Flyting seems to have been a necessary thing to do in a time when people could not hide behind their computer screens to take shots at people and the Housewives of (insert any city) did not yet exist.I guess the more things change, the more they stay the same. 😉
Thanks for this awesome piece of history and teaching me a new OLD word Beth! ❤
Love this post and what Nancy did to make up for a moment of rudeness. ❤
I was mean yesterday.
Not mean like making someone cry, or repeating malicious gossip, or (worst of all) slapping the dog. Not mean mean.
Just a little mean. I was rude on the phone.
I heard from my doctor’s office that Medicare had my coverage screwed up. This was the first time I have used it since turning 65. And my claim was denied.
So I got on the phone with Medicare. That alone brings my blood pressure up. Not Medicare per se, or even the hold time, which was considerable. But the phone. I hate talking on the phone.
So after my required 13 minutes of hold time, listening to unpleasant music and promos for Medicare’s Facebook site (I wonder if they post pictures of kittens?), I finally got a real person and explained the issue.
While trying to explain, the dog of course was alternately barking his…
View original post 345 more words
Sometimes the best way to ‘shake it up’ a bit is to try something that you haven’t done before. As Kelly seems to say in her post there’s nothing quite as invigorating as being a bit afraid and a bit excited at the same time. When’s the last time you shook it up a bit?
Sometimes what logic dictates should happen plays out completely different and seems to make no sense at all like giving all you have and having more because of it, speaking in a lower voice to be heard, finding new hope and strength in the midst of great loss …
Once I witnessed a windstorm so severe two 100-year-old trees were uprooted on the spot. The next day, walking among the wreckage, I found the friable nests of birds, completely intact and unharmed on the ground. That the featherweight survive the massive, that this reversal of fortune takes place among us — that is what haunts me. I don’t know what it means.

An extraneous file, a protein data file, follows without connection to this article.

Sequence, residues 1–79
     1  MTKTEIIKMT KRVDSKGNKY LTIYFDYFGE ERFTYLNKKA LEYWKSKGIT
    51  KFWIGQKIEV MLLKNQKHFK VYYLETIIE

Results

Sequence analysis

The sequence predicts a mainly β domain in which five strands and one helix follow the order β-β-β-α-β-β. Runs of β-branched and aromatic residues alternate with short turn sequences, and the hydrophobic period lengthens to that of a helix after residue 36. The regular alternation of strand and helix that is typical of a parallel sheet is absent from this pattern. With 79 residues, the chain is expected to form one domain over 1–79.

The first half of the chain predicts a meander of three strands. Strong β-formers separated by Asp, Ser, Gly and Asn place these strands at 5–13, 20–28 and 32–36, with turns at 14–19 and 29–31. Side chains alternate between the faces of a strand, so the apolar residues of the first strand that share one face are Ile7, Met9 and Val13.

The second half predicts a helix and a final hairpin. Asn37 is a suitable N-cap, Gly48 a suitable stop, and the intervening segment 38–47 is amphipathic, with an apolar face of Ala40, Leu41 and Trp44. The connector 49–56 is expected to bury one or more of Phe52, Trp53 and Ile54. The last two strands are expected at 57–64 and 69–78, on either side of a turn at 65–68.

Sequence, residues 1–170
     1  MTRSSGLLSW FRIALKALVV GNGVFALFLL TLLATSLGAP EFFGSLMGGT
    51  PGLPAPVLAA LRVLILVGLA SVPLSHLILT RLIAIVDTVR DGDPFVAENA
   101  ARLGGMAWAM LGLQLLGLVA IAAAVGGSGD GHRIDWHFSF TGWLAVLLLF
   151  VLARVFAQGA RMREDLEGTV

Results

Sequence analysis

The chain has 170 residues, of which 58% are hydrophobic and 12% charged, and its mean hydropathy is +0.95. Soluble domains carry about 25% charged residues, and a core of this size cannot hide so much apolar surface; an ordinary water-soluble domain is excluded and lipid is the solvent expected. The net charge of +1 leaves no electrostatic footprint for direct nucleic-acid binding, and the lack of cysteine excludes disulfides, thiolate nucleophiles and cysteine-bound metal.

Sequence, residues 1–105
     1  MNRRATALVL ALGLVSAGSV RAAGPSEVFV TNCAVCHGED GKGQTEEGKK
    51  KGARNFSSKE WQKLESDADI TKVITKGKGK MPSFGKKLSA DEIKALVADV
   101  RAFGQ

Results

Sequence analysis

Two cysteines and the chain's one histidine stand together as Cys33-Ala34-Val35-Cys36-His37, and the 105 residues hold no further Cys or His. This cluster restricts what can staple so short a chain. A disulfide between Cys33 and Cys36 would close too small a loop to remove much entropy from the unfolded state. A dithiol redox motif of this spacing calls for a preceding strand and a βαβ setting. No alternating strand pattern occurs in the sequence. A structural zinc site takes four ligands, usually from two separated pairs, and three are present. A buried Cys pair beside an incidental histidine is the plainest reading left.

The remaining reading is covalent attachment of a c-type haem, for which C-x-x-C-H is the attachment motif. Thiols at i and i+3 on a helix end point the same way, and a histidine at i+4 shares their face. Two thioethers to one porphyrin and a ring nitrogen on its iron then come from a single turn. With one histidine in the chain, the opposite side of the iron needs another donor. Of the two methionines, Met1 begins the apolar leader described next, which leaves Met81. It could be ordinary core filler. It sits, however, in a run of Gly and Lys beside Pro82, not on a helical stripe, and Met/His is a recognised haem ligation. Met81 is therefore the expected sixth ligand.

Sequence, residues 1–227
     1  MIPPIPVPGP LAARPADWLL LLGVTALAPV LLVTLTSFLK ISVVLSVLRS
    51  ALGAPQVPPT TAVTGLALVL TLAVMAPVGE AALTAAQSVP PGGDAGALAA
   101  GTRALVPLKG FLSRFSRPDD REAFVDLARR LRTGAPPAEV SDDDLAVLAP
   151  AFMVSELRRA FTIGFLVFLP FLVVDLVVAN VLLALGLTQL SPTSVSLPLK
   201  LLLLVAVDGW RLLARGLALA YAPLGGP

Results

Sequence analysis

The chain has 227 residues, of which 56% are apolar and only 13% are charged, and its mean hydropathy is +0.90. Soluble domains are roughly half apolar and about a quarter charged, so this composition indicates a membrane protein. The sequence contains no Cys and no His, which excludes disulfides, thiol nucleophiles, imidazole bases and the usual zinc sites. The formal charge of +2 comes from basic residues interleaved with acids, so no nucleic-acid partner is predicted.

~ Mary Ruefle, Remarks on Letters from Madness, Rack, and Honey: Collected Lectures
Ahh yes. I want this kind of light inside of me, so bright that it wouldn’t matter how light it was outside…
Inside me there was everything I had believed was outside. There was, in particular, the sun, light, and all colors. There were even the shapes of objects and the distance between objects. Everything was there and movement as well… Light is an element that we carry inside us and which can grow there with as much abundance, variety, and intensity as it can outside of us…I could light myself…that is, I could create a light inside of me so alive, so large, and so near that my eyes, my physical eyes, or what remained of them, vibrated, almost to the point of hurting.
View original post 25 more words
This takes me back to my wonderful childhood and how much fun we had playing outside and getting dirty. In this post Nancy talks about how much she enjoyed the long jump. I loved riding my bike with my friends. What was your favourite childhood activity?
A few days a go I was doing a little gardening.
Here is a totally gratuitous photo of my helper. Theo has nothing to do with this story, but I am addicted to taking pictures of his adorable self.
So anyway, I am digging up weeds. I love pulling weeds – it is sort of a free association task for me. Sitting on the ground with the sun on my shoulders doing something so mindless – it allows my brain to travel to all sorts of interesting orbits.
I have new gardening gloves. I suffer from a severe allergy to poison ivy. My reaction is truly terrible, so my dermatologist told me to buy very cheap gloves and use them as disposable, since my gloves may come in contact with the satanic plants. But the problem is that I poke through the fingers of cheap gloves immediately. So this year…
View original post 848 more words